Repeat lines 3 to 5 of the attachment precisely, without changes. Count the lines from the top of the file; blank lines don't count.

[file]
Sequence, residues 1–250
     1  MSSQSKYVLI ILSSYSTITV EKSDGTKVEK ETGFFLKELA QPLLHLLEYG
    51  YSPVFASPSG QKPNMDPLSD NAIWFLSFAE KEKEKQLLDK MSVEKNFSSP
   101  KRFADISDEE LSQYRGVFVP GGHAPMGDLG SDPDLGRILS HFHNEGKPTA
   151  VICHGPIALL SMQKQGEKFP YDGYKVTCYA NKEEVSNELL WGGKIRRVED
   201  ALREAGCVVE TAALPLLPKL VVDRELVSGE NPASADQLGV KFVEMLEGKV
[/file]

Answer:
    51  YSPVFASPSG QKPNMDPLSD NAIWFLSFAE KEKEKQLLDK MSVEKNFSSP
   101  KRFADISDEE LSQYRGVFVP GGHAPMGDLG SDPDLGRILS HFHNEGKPTA
   151  VICHGPIALL SMQKQGEKFP YDGYKVTCYA NKEEVSNELL WGGKIRRVED